Different drugs that target EGFR show more or less clinical activity depending on the state of the molecular target. Erlotinib performed best in lung cancers with high levels of EGFR activation and activating mutations in the kinase domain [46]. There is no evidence of activating mutations in the EGFR in cervical cancer to our knowledge. Lapatinib in breast cancer was active predominantly in the presence of phosphorylated EGFR and HER2 while Herceptin is active in breast cancers with increased copy number of HER2 (Fish). A nuclear translocalization mode of EGFR has recently been reported in a variety of cancer cell types [47], and the effect of cetuximab on nuclear EGFR has been investigated with variable results [48, 49]. Acquired resistance to cetuximab has been linked to increased levels of nuclear EGFR in lung cancer [48] while lapatinib supposedly inhibits nuclear translocation of both EGFR and HER2 [50]. Nuclear EGFR, beyond its kinase function, is thought to have functions in gene regulation and in protein-protein interactions [47]. It is supposedly implicated in a number of processes, including DNA repair and resistance to DNA-damaging radiation and alkylating anticancer agents. EGFR nuclear entry was suggested to be blocked by lapatinib [50] and the Src family kinase inhibitor, dasatinib [48]. Celecoxib has been shown to inhibit radiation-induced nuclear EGFR transport [51]. The ability of nuclear EGFR to enhance expression of iNOS [52] and in particular Aurora Kinase [53] is challenging and worth further assessments. Equally, EGFR inhibition together with apoptosis inducing agents may have synergistic antitumor effects [54]. These observations provide a rationale for selecting novel combination treatments that overcome nuclear EGFR-mediated therapeutic resistance, but these mechanisms need to be documented in cervical cancer biopsies and tested in preclinical xenograft studies.

3.2.2. PI3Kinase/PTEN and Ras/Raf Pathways

While preclinical studies on cell lines suggested an added benefit of combining cetuximab with cisplatin and radiotherapy, as measured by decreased MAPK and AKT phosphorylation, results were independent of the level of EGFR expression. In some, but not all, cervical cancer cell lines a benefit was seen in combining cetuximab with an anti-TKI, an anti-MEK1/2, or even with trastuzumab suggesting that targeting EGFR alone may not be enough.

Recent laboratory evidence using colorectal cancer cell lines suggested that expression status of EGFR ligands (amphiregulin and epiregulin mRNAs) might need to be evaluated as dynamic predictors of response in KRAS wild-type (WT) patients receiving cetuximab-(CTX-) based therapy. The transcriptional control of the epithelial-to-mesenchymal transition (EMT) by keratins, focal adhesion signalling (integrins), and EMT-inducing cytokines such as TGF 𝛽 as well as the upregulation of the epithelial markers E-cadherin has also been thought to be predictive and worth further assessments [55]. Other downstream effectors, such as Cox-2 overexpression [56], warrant further exploration. Germ-line polymorphisms for EGF, EGFR, Cox2, Cyclin D1, and FCGR2A may also be significant predictive markers for treatment response in lung cancer [57], but data from patients with cervical tumours treated with EGFR inhibitors is critically needed. The detection of a constitutively activating polymorphism at codon 655 of HER2 has been described [58] to be specifically associated with advanced carcinoma of the uterine cervix. The same authors also showed that patients bearing the CCND1 A/A and A/G genotypes (of cyclin D1) displayed a 1.811-fold increased risk of cervical cancer (95% CI = 1.150–2.852, 𝑃 = 0 . 0 0 9 8 ).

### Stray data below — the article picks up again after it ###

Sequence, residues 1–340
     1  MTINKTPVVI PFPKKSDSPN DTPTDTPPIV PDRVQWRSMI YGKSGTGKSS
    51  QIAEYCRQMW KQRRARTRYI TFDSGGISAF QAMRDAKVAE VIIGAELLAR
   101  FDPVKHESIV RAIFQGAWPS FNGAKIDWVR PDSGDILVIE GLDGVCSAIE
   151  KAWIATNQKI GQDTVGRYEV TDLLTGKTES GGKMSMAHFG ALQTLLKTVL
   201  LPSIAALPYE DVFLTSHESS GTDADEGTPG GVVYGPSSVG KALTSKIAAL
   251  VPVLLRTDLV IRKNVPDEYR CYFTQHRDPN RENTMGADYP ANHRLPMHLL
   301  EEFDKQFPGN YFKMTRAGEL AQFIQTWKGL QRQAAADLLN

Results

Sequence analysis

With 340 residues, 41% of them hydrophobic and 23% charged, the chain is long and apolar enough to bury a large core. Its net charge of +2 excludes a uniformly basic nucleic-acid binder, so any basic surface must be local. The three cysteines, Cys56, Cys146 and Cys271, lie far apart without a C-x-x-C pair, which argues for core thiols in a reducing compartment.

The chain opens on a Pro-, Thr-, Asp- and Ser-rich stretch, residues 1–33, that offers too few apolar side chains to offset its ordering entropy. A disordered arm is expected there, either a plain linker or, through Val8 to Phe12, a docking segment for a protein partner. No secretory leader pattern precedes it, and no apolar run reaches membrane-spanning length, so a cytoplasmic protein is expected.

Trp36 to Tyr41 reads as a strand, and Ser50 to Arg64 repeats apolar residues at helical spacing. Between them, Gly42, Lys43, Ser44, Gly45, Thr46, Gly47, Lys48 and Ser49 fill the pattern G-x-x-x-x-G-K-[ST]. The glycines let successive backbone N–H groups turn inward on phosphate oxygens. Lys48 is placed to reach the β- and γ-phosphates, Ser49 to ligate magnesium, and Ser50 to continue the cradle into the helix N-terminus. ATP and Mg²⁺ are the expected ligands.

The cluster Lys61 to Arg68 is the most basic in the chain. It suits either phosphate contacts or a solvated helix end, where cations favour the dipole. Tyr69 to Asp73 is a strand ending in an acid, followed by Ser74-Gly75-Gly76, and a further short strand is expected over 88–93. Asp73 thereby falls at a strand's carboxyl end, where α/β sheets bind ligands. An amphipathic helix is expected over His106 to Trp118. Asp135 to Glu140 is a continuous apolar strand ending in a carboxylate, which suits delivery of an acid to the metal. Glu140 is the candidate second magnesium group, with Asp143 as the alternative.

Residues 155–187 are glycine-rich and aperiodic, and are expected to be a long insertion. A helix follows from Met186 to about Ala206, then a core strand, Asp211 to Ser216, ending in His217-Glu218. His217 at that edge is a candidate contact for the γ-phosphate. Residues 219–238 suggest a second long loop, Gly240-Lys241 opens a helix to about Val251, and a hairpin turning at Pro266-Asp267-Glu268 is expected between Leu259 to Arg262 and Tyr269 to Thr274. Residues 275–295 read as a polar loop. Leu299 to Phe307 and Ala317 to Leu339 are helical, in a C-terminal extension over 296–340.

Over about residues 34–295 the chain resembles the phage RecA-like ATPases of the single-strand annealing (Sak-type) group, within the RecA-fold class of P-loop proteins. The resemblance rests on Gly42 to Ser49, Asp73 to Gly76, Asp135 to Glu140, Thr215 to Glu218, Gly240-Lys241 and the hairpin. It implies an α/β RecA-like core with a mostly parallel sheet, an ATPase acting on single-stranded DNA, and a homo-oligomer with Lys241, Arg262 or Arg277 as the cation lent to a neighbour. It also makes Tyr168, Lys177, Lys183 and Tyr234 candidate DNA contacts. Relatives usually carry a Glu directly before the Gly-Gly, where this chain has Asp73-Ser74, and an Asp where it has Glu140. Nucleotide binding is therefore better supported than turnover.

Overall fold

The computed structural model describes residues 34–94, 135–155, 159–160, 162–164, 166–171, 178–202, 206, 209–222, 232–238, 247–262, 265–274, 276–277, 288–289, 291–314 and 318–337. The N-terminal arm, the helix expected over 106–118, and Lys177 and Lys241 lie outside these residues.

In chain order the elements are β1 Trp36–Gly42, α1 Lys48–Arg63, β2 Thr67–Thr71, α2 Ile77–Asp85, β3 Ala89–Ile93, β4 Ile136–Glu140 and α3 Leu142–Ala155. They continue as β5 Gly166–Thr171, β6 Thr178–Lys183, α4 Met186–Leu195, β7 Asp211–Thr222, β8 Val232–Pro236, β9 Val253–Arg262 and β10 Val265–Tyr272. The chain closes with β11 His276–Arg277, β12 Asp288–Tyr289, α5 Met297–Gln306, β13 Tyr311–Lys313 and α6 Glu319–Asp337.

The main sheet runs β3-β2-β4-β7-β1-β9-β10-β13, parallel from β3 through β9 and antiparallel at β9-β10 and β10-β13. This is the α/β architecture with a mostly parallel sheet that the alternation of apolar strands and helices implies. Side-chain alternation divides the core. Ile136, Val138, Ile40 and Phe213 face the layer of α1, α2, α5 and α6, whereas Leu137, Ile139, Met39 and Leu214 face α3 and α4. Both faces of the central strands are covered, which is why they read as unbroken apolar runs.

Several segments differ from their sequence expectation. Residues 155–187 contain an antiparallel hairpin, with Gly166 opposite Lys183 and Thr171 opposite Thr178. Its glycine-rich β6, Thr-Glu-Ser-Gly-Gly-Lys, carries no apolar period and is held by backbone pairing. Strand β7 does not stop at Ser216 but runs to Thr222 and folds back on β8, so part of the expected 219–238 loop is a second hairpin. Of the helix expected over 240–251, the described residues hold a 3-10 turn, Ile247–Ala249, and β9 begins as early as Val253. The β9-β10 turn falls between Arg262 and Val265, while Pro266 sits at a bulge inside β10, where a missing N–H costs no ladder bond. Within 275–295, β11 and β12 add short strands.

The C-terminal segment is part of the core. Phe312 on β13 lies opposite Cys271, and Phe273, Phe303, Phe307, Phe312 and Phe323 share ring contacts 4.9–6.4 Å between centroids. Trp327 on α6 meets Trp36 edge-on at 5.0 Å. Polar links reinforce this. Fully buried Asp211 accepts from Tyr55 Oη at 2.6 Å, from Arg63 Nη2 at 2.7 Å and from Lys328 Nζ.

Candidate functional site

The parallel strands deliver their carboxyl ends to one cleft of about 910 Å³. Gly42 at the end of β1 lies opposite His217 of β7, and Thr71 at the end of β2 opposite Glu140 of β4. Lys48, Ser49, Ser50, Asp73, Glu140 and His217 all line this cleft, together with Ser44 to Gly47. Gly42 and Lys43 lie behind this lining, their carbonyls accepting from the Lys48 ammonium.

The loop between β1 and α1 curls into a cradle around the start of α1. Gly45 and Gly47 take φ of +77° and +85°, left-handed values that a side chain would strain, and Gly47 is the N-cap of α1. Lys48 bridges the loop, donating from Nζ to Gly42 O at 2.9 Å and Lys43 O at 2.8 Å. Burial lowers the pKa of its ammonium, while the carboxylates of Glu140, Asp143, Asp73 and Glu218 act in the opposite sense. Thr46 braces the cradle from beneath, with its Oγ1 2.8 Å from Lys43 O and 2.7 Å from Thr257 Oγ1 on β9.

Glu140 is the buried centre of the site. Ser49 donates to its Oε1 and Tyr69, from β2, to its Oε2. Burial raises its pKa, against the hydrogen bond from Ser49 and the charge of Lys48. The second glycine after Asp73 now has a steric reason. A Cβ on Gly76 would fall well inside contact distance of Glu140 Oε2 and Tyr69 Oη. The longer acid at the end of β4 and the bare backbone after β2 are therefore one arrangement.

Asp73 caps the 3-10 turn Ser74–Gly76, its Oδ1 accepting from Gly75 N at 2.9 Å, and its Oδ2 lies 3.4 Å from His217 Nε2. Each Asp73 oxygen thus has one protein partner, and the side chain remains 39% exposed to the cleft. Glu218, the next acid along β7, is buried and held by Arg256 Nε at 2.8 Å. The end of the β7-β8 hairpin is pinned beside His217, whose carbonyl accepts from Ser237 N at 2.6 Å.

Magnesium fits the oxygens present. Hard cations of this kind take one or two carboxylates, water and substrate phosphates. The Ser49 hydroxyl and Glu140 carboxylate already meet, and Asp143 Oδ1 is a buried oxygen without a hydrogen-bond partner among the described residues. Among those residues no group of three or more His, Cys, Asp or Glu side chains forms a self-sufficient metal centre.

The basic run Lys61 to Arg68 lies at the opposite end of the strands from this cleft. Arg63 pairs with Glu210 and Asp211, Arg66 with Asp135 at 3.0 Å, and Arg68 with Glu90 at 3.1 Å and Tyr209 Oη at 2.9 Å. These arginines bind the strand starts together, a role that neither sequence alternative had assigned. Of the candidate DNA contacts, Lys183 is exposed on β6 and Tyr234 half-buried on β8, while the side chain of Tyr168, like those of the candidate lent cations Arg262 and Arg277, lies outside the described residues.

3.2.3. Angiogenesis

Cervical tumours are frequently highly vascular, bleeding spontaneously, and on minor contact, and the addition of antiangiogenic agents has consequently been tested in a series of clinical trials. Bevacizumab in association with first-line radiochemotherapy in untreated locally advanced cervical cancer patients was well tolerated and is currently being evaluated in several phase 2 trials designed to test the therapeutic efficacy in association with chemo-radiation (RTOG 0417) as well as in combination with topotecan and cisplatin as first-line therapy for recurrent or persistent cervical cancer (GSK 107278). A phase III trial is ongoing testing the value of bevacizumab in association with two chemotherapy doublets, (NSC 708465), and the results are eagerly awaited.

3.2.4. Angiogenesis and EGFR Inhibition Combined

Based on the assumption that cervical cancer is heavily dependent on EGFR activation and on angiogenesis (in turn caused by EGFR activation and HPV infection as well as by the hypoxia-induced VEGF), a phase II trial was designed to compare a multitarget TKI and antivascular agent (pazopanib) and an oral inhibitor of activated HER1 and HER2 (lapatinib). Each agent was given alone or in combination in advanced or recurrent cervical cancer patients, not previously selected on the basis of molecular assessments. Pazopanib proved overall superior to lapatinib. Pazopanib improved PFS (hazard ratio (HR), 0.66; 90% CI, 0.48 to 0.91; 𝑃 = 0 . 0 1 3 ) and OS (HR, 0.67; 90% CI, 0.46 to 0.99; 𝑃 = 0 . 0 4 5 ), and, interestingly, a negative interaction between agents was suggested in the combination arm, but complete dosage of both drugs could not be achieved due to toxicity [59]. A similar negative correlation through the addition of cetuximab to bevacizumab in metastatic colorectal carcinoma resulted in a significantly shorter progression-free survival when both agents were combined [60]. Since angiogenesis induction is enhanced by both inappropriate HPV effects on p53 and RB as well as by EGFR pathway activation it might be useful to assess countering HPV activity and EGFR pathway activation in preclinical trials.